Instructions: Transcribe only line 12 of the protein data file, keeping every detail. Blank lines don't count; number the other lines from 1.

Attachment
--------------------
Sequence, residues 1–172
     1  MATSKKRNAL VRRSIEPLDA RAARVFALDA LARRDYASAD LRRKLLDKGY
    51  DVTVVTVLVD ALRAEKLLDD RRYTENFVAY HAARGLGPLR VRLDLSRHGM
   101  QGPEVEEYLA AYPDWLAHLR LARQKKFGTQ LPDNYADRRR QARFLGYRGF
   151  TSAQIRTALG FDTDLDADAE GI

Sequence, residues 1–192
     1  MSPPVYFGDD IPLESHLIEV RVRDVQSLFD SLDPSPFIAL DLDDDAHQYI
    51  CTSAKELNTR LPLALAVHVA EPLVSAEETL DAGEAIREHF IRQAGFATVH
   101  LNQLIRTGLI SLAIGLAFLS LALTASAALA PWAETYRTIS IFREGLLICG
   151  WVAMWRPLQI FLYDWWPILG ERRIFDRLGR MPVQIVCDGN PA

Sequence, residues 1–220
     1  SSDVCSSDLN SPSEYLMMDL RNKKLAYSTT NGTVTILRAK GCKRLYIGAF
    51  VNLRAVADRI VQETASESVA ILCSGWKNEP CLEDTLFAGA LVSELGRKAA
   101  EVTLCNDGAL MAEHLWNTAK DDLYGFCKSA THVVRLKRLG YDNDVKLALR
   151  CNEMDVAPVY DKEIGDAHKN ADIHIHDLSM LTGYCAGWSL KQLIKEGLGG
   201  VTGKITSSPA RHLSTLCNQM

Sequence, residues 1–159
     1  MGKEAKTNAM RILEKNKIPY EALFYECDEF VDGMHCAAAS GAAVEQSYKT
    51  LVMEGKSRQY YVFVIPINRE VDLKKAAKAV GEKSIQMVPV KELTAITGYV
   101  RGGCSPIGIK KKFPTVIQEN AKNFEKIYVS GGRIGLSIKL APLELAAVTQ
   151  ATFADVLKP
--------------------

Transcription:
     1  SSDVCSSDLN SPSEYLMMDL RNKKLAYSTT NGTVTILRAK GCKRLYIGAF